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Under this project, researchers are developing a thermochemical energy storage system that uses binary metal chalcogenides in a modular reactor operating at temperatures of at least 750°C. The proposed chemical cycle stores energy through the heat-driven decomposition of a metal chalcogenide and releases energy by recombining the chemical elements. Because of the cycle’s high energy density, this material holds promise for low-cost, high-temperature thermal energy storage.
The research team is developing the chemical composition and key thermodynamic information including phase behavior, heat capacities, fluid properties, and ability to shift the thermodynamic equilibrium. The team is also focusing on the chemical and thermal dynamics of these systems, recombination of the elemental components to form the metal sulfide, and the reaction kinetics. The final stage includes fabrication and testing of the modular reactor.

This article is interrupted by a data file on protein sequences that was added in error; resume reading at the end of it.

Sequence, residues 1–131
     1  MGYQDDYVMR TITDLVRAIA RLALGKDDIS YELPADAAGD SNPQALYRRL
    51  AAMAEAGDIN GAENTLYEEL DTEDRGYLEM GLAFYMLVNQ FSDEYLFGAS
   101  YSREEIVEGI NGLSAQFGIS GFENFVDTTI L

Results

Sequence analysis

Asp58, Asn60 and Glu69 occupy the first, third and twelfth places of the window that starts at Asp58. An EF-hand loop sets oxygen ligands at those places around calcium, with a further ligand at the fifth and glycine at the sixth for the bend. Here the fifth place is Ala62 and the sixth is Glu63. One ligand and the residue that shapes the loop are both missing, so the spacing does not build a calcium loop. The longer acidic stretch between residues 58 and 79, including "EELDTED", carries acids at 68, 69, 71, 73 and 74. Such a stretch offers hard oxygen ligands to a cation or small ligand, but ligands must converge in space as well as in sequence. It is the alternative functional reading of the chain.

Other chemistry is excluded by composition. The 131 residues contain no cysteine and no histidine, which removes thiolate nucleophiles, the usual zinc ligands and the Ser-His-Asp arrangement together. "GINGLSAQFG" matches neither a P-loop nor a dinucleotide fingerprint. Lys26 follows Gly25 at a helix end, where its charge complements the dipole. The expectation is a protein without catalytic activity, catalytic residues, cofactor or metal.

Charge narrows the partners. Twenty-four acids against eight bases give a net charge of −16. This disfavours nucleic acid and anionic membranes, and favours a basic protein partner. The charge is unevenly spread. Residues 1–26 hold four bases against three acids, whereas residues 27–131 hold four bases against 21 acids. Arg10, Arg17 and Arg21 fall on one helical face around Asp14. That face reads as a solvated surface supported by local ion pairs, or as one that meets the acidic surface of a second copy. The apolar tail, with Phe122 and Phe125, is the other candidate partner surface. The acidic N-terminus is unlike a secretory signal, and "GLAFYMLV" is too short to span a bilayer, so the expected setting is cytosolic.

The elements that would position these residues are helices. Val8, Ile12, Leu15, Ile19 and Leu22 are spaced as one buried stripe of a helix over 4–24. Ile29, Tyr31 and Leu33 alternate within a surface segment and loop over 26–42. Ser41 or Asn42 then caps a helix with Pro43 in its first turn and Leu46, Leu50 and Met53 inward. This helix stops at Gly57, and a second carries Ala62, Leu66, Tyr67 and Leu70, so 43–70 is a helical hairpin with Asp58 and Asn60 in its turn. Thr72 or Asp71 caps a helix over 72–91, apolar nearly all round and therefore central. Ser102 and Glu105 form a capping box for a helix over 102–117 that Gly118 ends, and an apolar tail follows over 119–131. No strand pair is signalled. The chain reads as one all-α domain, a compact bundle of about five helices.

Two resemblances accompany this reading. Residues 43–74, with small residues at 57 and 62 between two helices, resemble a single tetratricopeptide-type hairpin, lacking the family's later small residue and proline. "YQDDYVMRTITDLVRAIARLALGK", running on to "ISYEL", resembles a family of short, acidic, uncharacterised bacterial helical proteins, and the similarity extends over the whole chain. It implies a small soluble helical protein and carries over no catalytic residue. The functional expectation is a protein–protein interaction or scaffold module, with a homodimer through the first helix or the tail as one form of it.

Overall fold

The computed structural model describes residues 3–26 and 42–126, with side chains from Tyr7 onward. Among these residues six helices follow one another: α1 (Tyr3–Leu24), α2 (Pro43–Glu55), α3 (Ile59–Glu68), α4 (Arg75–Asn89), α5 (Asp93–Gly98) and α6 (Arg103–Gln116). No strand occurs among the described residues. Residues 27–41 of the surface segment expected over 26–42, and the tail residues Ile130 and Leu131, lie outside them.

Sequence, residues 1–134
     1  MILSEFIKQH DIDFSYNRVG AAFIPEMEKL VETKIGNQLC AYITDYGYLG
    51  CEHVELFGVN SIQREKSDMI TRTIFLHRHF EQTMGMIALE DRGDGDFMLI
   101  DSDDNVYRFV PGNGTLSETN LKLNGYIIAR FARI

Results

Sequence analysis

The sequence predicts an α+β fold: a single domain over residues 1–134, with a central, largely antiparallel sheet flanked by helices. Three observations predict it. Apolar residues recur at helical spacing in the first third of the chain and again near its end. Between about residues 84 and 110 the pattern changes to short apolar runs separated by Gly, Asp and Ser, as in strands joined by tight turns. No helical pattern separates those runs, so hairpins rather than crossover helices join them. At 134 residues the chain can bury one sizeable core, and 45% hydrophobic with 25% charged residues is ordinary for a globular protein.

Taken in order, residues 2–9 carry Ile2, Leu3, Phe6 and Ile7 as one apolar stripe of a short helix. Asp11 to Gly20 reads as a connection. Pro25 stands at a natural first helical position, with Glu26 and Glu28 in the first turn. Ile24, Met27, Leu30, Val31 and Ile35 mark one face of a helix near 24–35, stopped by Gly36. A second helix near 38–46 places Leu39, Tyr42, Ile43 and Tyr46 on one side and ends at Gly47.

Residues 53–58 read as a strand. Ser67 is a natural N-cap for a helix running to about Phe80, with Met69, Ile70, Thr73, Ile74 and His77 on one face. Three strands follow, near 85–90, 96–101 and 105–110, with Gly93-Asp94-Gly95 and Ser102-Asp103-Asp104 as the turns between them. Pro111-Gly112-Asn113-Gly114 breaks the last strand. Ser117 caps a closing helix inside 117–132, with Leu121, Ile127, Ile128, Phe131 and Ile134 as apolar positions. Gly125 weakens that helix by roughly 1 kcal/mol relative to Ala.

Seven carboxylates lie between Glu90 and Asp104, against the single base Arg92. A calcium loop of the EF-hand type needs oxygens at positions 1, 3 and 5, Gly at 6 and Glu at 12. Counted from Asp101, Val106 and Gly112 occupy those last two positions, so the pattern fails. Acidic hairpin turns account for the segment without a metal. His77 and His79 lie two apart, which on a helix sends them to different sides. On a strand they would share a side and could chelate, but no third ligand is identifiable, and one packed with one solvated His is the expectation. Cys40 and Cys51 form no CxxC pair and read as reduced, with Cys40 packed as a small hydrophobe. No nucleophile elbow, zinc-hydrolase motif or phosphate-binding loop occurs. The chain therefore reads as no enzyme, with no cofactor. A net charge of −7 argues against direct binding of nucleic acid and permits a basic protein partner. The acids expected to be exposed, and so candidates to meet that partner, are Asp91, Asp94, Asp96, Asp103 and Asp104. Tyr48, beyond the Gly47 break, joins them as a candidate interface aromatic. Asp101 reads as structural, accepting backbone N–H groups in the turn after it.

This project will create a self-contained, modular thermal storage system designed to be run as a liquid-phase pressure swing absorption reactor utilizing a heat pipe system to control the input and extraction of thermal energy. The engineered system requires very simple material handling unit operations and high exegetic and thermodynamic efficiency. The heat pipe enables this reactor to operate with very high exegetic efficiency while using an integrated recuperator system, which enables very high thermodynamic efficiency.